Byers Green is a village in County Durham, located close to the River Wear and a mile and a half West of Spennymoor. The Parish Church of St Peter the Apostle is located at the South of the village and is a Grade II listed building.
BYERS-GREEN, a township, in the parish of St. Andrew Auckland, union of Auckland, S. E. division of Darlington ward, S. division of the county of Durham, 4 miles (N.N.E.) from Bishop-Auckland; containing 489 inhabitants. It was anciently a part of the possessions of the family of Neville. The Byers-Green branch of the Clarence railway diverges from the Durham branch at Ferry Hill, about 6 miles distant, and terminates at this place. A district church dedicated to St. Peter has been built, and endowed by the Bishop of Durham, for the townships of Byers-Green and Newfield, and part of Binchester. The tithes have been commuted for £57 payable to the impropriators, £51 to the bishop, £21 to the rector of Whitworth, and £6 to the rector of Brancepeth.
Extract from: A Topographical Dictionary of England comprising the several counties, cities, boroughs, corporate and market towns, parishes, and townships..... 7th Edition, by Samuel Lewis, London, 1848.
Byers Green is a village in County Durham, in England. It is situated to the north of Bishop Auckland, between Willington and Spennymoor, and a short distance from the River Wear.
Byers Green Hall has been the home of the Trotter family since the 15th century.
Thomas Wright, (1711–1786) a famous 18th-century astronomer, architect and mathematician was born and died here. Wright was educated in King James I Grammar School in Bishop Auckland before being apprenticed to a clockmaker in the town. By 1734, after various adventures, Wright had progressed to making a huge working model of the universe (an orrery) for an aristocratic London patron. This set him on his remarkable career that included the first accurate description of the Milky Way.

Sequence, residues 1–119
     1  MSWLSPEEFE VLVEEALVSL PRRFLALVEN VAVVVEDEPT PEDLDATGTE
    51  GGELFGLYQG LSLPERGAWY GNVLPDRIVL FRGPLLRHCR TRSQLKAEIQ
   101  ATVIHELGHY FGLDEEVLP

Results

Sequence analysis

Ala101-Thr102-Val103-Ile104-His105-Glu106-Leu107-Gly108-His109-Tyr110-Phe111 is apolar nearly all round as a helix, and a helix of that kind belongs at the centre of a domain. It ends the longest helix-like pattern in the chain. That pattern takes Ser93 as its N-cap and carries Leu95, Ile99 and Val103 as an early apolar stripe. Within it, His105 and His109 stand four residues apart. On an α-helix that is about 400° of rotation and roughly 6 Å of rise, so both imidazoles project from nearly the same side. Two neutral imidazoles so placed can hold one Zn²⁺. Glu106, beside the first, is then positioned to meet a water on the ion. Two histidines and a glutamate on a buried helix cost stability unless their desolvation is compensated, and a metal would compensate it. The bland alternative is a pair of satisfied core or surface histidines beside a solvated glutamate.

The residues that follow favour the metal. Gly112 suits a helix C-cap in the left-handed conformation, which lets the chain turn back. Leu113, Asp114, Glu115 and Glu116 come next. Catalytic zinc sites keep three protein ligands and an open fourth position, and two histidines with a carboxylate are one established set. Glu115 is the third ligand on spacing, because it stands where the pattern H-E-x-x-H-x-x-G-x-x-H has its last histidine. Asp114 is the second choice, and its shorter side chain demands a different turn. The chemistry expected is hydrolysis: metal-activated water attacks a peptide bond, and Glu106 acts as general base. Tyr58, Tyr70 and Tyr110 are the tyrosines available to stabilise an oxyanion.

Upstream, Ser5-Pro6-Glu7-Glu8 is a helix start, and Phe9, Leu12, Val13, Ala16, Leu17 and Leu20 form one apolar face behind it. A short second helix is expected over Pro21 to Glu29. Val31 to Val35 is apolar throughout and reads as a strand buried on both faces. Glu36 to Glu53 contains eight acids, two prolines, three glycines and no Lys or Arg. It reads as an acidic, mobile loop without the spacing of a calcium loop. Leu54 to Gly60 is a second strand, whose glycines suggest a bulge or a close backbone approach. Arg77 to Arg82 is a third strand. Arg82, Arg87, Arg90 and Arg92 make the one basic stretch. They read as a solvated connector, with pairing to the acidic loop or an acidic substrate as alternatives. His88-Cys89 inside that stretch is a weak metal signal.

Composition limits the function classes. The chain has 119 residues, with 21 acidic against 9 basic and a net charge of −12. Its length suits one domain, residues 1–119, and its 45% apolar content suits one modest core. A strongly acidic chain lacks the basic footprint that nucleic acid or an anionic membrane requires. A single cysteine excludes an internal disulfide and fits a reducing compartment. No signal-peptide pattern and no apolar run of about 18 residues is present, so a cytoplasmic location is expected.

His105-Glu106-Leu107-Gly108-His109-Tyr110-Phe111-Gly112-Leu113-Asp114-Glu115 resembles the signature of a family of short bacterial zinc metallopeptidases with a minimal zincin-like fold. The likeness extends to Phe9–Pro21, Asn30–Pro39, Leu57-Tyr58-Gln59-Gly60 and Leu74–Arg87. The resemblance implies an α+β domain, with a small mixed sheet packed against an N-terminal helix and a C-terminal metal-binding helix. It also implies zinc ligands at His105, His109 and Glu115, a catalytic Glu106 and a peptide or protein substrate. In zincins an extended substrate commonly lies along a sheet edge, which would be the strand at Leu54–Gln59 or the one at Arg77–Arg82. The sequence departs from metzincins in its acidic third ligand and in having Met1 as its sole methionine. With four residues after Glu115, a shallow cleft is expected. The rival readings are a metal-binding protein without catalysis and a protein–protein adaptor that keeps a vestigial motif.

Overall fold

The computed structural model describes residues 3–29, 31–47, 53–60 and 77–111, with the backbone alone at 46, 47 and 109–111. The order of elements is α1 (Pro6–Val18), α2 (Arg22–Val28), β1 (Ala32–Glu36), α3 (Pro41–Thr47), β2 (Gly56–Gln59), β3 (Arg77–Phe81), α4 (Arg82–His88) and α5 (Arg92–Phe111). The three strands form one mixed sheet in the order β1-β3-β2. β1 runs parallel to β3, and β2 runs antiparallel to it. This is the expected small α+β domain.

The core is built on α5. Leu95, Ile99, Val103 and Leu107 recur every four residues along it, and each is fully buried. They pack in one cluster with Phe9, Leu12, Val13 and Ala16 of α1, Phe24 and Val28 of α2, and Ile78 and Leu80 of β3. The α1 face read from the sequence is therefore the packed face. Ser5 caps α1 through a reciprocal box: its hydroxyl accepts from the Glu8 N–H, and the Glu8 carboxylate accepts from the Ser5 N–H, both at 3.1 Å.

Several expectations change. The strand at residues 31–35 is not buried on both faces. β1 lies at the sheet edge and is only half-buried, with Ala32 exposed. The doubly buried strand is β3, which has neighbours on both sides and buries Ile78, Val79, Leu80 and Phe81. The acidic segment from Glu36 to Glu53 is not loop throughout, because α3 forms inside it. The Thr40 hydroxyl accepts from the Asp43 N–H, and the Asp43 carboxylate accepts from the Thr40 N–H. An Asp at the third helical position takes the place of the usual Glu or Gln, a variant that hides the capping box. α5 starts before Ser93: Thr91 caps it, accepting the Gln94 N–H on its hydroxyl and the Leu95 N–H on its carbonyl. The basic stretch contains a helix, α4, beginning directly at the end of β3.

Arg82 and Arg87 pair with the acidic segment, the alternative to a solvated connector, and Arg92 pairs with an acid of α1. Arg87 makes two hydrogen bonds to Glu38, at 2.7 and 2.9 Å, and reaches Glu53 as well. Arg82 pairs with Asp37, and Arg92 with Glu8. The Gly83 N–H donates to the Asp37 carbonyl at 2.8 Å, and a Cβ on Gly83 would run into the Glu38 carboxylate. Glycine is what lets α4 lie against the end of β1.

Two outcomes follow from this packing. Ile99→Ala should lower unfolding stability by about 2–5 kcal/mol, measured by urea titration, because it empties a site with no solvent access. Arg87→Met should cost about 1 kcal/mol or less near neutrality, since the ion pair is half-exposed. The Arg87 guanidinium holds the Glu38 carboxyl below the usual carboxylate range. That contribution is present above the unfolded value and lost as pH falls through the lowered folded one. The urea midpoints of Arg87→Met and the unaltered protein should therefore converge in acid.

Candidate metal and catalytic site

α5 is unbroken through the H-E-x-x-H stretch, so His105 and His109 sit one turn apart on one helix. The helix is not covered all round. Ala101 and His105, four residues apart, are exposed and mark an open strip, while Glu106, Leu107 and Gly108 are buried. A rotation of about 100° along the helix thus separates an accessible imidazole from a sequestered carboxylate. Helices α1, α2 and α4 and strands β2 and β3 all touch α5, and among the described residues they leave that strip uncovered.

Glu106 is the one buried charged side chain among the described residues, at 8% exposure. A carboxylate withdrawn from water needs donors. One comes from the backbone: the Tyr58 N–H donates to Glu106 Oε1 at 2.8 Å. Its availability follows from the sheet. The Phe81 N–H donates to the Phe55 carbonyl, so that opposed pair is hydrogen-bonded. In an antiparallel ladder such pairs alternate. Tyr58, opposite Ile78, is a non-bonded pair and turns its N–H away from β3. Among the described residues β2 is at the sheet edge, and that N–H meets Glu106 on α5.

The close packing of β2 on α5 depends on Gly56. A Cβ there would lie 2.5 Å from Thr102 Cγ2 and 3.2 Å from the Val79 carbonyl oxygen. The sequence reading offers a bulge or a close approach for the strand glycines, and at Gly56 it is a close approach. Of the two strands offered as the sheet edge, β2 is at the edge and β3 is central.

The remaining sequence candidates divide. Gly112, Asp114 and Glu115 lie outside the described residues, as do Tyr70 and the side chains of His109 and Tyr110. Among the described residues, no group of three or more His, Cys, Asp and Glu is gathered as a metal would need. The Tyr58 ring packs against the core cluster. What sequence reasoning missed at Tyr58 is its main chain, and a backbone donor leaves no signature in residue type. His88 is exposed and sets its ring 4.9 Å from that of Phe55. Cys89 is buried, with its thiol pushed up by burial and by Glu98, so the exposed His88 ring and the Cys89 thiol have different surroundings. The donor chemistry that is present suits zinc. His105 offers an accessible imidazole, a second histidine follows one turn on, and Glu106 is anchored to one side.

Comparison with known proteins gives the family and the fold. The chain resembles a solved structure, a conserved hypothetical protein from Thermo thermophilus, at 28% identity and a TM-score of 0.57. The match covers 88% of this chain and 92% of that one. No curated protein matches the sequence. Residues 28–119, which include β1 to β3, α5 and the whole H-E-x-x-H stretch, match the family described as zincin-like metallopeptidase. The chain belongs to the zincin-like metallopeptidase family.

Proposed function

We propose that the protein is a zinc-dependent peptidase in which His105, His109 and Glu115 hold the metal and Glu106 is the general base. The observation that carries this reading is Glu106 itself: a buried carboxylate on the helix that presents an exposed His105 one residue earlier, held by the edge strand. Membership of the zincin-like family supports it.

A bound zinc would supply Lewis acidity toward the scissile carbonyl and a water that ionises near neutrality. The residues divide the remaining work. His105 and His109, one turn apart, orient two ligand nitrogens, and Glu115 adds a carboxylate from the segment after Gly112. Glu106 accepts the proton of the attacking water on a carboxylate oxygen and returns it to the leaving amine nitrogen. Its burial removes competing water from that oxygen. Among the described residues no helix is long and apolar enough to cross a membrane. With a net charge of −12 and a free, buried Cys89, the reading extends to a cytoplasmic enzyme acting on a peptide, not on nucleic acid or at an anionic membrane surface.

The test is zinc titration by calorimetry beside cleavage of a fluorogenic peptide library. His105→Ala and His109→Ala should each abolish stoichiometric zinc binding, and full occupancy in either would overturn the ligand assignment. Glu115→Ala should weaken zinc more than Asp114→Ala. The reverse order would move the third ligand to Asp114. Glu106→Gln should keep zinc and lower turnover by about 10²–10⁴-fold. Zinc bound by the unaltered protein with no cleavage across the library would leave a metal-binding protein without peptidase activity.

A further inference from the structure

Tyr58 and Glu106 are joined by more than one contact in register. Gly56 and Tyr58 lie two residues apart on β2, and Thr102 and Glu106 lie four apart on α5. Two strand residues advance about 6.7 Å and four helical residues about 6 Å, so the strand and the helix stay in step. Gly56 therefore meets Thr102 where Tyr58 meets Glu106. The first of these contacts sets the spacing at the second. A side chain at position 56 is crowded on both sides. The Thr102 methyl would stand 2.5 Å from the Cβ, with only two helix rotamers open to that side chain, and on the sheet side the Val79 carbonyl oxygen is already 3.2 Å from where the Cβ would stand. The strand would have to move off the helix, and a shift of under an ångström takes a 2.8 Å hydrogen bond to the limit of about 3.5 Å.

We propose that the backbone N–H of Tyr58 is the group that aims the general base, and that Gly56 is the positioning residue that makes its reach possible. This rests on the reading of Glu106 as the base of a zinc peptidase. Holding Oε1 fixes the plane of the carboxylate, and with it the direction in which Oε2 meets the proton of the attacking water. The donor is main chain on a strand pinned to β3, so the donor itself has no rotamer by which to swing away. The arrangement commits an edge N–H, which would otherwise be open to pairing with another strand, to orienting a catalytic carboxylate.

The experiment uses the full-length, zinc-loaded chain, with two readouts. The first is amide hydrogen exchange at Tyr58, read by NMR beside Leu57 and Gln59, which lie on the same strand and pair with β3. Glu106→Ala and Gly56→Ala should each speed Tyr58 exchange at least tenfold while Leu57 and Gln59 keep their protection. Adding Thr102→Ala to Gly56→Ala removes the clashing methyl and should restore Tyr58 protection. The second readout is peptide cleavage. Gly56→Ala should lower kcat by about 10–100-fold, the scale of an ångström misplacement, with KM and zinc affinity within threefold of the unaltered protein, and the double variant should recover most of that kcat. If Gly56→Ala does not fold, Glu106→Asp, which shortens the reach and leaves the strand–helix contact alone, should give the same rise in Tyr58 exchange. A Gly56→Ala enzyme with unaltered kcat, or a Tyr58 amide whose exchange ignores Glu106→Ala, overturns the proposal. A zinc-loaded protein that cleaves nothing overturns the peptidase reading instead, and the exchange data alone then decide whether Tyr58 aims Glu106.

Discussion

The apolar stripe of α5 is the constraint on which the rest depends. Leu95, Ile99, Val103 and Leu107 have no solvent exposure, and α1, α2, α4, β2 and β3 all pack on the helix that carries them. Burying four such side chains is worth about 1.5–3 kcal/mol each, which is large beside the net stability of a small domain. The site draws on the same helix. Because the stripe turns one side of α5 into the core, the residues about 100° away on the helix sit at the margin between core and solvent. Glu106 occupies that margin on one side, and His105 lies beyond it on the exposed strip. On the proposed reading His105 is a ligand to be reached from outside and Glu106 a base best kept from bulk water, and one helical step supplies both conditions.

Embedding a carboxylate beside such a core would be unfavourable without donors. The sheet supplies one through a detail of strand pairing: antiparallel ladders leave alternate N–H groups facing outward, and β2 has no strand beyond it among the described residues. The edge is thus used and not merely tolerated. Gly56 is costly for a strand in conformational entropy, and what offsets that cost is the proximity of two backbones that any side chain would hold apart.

Professor Harold Orton, (1898–1975) a noted 20th-century linguist and English dialectologist was also born here. Harold Horton was the son of a schoolmaster at Byers Green and attended King James I Grammar School in Bishop Auckland followed by Merton College, Oxford. His 1933 book The Phonology of a South Durham Dialect, based on the dialect of the area, was re-published by Routledge in 2015.
Sir Percy Cradock, GCMG, (1923–2010) a senior British civil servant, was born in Byers Green. He was educated at Alderman Wraith Grammar School, Spennymoor followed by St John's College, Cambridge where he read law. Having trained as a barrister Cradock joined the Diplomatic Service and during his career held a number of senior diplomatic posts including Ambassador to China. Later in his career he was labelled by the media as the 'UK's most senior spy' because he chaired the Joint Intelligence Committee (UK) under Margaret Thatcher's government. Cradock died in London on 22 January 2010, aged 86.
It is not known whether there was a village at Byers Green in the Anglo-Saxon period. The village name is quite late; it was first recorded in 1345 as Bires. It is probably the exact equivalent of the modern word 'byres'. The village name thus means '(the green by the) cowsheds'.
Byers Green remained a farming area throughout the medieval period and into the 16th and 17th century. Most people would have worked on the land.
was opened in 1837 by the Clarence Railway, after it opened its Byers Green branch from in 1837. From 1840 it became a junction station, between the Clarence and the West Durham Railway towards . Passenger services were withdrawn on 4 December 1939, when the passenger service from Ferryhill was cut back to . Goods was handled at Byers Green until 2 June 1958.
Since the line was lifted in the late 1960s, the station buildings have been demolished, but the site is part of the Auckland County walking system